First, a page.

With a lack of disease prevention knowledge and rapid population growth, rural communities in Tanzania face the greatest danger in the global WASH crisis. Unsafe water, poor sanitation, and unhygienic practices affect all areas of the community.
A lack of knowledge about sanitation, proper hygiene, and unsafe water sources leads to illness — especially in children. Sick children suffer from malnutrition, increased absences from school and stunted physical and cognitive development.
There is also a severe lack of designated WASH facilities for girls in schools. This, along with a cultural taboo surrounding feminine hygiene and a lack of feminine hygiene products, leads to many girls missing school during menstruation and therefore not reaching their full potential.
Women face specific challenges posed by the WASH crisis. They are traditionally the caregivers in the family and therefore tasked with caring for the sick. This exacerbates their already heavy workload and puts them at risk of infection as well.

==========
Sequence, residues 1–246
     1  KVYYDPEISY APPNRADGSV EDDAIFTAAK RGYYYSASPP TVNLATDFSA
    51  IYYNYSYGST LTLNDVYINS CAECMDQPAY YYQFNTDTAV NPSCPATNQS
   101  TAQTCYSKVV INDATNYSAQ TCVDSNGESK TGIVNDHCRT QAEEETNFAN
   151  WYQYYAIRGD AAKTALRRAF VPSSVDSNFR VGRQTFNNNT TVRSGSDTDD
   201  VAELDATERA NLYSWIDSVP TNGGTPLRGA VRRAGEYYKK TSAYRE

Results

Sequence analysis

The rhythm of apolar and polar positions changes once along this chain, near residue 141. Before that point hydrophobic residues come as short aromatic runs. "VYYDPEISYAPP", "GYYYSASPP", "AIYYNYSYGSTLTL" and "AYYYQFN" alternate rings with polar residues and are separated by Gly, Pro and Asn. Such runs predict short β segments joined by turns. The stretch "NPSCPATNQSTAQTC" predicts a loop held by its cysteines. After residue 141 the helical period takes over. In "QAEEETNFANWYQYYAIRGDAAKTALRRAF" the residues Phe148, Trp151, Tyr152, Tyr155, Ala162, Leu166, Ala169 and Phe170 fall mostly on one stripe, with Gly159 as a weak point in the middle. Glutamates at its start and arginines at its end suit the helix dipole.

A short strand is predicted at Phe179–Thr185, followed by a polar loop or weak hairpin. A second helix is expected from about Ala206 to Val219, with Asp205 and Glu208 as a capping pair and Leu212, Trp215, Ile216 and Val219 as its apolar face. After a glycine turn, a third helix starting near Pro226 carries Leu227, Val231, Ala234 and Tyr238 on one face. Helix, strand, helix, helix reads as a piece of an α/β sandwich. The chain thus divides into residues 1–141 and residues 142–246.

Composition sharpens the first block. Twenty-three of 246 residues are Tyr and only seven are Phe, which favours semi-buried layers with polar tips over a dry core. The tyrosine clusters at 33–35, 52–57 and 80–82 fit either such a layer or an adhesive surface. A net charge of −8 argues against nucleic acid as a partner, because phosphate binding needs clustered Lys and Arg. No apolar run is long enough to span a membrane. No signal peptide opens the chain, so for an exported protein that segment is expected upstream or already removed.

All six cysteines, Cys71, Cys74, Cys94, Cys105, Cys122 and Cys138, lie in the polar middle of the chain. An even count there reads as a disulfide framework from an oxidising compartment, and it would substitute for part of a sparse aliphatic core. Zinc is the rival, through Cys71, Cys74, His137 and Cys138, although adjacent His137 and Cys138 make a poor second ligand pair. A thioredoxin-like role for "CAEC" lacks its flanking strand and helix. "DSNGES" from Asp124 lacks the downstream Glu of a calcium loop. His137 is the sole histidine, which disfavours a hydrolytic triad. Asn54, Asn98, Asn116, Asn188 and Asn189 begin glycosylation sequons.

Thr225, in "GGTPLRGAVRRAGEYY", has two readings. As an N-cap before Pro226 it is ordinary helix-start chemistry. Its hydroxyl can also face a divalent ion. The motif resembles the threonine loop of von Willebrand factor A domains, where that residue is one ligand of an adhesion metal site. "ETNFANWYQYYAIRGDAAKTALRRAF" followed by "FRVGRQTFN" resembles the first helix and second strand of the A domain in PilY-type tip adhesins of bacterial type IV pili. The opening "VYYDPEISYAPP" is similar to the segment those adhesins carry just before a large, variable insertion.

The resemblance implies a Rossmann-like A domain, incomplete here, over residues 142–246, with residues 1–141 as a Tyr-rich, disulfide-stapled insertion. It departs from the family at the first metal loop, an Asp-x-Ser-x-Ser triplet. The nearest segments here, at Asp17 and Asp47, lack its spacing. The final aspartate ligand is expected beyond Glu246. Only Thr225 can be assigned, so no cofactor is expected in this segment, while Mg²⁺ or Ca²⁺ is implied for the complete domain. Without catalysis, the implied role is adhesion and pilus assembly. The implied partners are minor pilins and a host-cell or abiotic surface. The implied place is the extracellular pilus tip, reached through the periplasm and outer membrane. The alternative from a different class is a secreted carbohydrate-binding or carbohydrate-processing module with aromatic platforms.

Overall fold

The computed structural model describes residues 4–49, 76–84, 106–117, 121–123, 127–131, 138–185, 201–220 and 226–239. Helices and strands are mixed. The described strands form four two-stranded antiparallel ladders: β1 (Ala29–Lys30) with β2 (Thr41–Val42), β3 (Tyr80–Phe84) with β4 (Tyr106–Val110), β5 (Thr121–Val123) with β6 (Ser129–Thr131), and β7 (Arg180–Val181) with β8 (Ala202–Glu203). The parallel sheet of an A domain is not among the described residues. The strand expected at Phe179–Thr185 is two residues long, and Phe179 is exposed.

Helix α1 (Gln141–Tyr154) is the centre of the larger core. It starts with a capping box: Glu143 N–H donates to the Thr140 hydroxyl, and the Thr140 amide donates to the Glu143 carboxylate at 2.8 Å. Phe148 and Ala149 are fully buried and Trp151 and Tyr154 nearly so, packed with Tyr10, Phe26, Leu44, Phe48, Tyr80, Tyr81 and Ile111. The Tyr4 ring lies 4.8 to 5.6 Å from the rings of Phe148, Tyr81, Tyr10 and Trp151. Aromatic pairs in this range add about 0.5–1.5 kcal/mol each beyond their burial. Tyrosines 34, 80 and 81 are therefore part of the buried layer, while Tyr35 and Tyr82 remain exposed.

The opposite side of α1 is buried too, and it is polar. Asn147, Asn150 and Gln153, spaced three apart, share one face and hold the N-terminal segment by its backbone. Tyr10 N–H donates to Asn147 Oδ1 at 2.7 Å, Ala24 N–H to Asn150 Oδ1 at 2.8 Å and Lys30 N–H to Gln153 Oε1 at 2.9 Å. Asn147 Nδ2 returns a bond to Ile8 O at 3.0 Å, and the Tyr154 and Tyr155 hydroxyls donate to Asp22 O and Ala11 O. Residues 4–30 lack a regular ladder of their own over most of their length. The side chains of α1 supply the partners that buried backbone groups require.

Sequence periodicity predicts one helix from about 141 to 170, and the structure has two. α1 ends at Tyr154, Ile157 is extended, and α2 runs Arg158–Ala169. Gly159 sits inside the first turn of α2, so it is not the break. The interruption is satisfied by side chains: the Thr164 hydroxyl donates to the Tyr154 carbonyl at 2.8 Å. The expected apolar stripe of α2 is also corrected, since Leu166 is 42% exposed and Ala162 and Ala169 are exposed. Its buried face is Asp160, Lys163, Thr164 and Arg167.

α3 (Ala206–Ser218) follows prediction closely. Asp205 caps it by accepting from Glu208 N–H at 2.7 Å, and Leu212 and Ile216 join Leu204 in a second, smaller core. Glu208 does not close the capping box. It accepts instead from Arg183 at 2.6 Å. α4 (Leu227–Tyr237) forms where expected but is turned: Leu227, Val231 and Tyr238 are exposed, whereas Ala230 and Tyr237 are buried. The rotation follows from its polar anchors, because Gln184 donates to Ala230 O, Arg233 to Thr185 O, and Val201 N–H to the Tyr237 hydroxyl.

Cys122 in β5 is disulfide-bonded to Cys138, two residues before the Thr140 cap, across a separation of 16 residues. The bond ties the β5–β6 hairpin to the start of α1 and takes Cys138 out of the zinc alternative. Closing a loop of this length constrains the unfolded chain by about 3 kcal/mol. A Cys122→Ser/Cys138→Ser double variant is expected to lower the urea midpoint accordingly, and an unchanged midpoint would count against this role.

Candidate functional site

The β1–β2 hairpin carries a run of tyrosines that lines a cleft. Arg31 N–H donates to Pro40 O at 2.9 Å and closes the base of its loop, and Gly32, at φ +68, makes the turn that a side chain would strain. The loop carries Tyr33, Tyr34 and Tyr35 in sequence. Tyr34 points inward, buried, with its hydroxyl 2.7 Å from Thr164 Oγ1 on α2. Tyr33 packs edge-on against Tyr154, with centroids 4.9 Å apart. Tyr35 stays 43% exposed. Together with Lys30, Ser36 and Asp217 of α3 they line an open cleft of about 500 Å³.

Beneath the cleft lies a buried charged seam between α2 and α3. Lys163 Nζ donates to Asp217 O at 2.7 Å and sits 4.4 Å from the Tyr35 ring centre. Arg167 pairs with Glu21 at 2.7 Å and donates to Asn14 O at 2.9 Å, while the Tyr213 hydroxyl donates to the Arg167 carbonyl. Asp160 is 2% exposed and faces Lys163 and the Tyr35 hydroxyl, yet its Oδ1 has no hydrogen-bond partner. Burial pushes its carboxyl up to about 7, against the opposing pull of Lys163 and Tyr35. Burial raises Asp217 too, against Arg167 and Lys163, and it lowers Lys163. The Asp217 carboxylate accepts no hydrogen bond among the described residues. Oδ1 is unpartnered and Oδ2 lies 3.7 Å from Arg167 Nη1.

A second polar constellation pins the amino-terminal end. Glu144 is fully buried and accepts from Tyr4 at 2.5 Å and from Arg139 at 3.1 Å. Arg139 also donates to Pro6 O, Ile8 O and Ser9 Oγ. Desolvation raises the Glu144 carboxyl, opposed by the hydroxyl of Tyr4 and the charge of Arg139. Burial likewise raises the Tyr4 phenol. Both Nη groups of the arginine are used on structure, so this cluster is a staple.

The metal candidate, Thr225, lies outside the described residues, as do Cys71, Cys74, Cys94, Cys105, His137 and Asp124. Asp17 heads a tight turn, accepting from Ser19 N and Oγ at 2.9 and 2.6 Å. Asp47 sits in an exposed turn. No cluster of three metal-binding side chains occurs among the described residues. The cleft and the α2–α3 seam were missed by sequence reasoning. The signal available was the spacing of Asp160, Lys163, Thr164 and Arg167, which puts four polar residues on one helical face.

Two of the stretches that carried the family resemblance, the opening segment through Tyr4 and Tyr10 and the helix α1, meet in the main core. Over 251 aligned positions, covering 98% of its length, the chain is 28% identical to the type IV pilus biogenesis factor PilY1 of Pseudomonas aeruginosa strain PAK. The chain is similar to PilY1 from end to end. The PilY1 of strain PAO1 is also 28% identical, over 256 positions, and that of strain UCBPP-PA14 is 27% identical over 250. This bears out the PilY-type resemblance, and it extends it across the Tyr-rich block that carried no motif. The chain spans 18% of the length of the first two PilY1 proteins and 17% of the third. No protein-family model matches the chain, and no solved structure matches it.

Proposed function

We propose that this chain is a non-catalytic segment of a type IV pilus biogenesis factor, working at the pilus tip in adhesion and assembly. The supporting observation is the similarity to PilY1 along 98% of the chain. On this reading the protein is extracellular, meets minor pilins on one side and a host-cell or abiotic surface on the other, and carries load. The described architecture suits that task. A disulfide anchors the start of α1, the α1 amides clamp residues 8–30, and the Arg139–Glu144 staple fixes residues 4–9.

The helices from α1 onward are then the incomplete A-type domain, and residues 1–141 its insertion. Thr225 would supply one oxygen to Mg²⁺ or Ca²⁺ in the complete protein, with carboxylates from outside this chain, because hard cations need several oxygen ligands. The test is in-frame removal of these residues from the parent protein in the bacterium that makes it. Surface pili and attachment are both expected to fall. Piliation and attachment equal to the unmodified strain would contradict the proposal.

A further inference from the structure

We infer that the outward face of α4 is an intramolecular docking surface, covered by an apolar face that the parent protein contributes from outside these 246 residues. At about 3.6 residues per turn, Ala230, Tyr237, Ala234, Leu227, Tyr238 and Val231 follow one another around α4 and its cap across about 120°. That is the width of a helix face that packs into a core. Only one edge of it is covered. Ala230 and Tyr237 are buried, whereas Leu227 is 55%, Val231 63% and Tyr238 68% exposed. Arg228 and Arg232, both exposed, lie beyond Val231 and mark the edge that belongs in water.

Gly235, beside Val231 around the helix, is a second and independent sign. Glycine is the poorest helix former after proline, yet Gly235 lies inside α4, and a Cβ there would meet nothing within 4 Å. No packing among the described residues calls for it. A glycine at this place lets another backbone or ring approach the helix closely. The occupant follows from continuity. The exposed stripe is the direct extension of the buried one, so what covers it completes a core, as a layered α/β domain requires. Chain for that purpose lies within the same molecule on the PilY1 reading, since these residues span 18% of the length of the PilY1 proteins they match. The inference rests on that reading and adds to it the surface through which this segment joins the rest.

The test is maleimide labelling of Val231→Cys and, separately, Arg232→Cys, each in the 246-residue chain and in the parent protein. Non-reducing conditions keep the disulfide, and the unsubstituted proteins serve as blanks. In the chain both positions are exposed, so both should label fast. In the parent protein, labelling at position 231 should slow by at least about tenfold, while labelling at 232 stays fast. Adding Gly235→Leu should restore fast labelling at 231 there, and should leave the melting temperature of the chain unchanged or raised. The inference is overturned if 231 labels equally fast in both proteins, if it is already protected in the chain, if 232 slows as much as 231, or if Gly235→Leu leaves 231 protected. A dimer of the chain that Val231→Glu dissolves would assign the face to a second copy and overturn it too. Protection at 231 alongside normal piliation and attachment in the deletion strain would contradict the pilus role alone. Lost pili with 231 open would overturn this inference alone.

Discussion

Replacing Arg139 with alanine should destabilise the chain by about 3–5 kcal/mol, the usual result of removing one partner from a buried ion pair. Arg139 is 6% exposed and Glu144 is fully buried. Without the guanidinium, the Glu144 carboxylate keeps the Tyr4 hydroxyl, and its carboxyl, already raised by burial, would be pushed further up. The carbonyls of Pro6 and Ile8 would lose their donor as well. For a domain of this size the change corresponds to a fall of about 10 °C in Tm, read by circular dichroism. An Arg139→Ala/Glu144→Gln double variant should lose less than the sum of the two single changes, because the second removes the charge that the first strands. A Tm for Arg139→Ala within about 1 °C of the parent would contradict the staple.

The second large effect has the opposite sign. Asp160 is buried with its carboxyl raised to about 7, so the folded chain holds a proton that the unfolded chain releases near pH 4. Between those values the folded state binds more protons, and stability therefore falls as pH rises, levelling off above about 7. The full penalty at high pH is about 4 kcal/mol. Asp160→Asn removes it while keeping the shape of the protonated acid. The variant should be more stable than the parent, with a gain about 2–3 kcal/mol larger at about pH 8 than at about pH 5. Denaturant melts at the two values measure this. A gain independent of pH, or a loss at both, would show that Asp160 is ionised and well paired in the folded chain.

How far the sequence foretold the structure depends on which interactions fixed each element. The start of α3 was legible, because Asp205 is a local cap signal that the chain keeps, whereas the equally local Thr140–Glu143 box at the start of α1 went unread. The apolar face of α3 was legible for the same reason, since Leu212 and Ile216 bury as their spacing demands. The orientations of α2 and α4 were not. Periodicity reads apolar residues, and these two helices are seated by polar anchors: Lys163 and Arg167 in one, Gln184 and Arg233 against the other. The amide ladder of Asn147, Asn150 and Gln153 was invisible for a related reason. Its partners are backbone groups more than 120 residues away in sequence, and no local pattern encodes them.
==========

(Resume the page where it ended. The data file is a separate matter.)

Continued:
Women also carry the burden of collecting and carrying water. Not only is this physically strenuous, it is time-consuming. Time spent collecting water prevents women from seizing economic and educational opportunities.
Poor WASH practices exacerbate both common and neglected tropical diseases. High disease rates lead to a loss of productivity and increased spending on healthcare. Many families lose their source(s) of income while also tackling expensive medical costs.
Providing WASH education and instilling hygienic practices throughout the community are key to preventing disease and transforming rural Tanzania.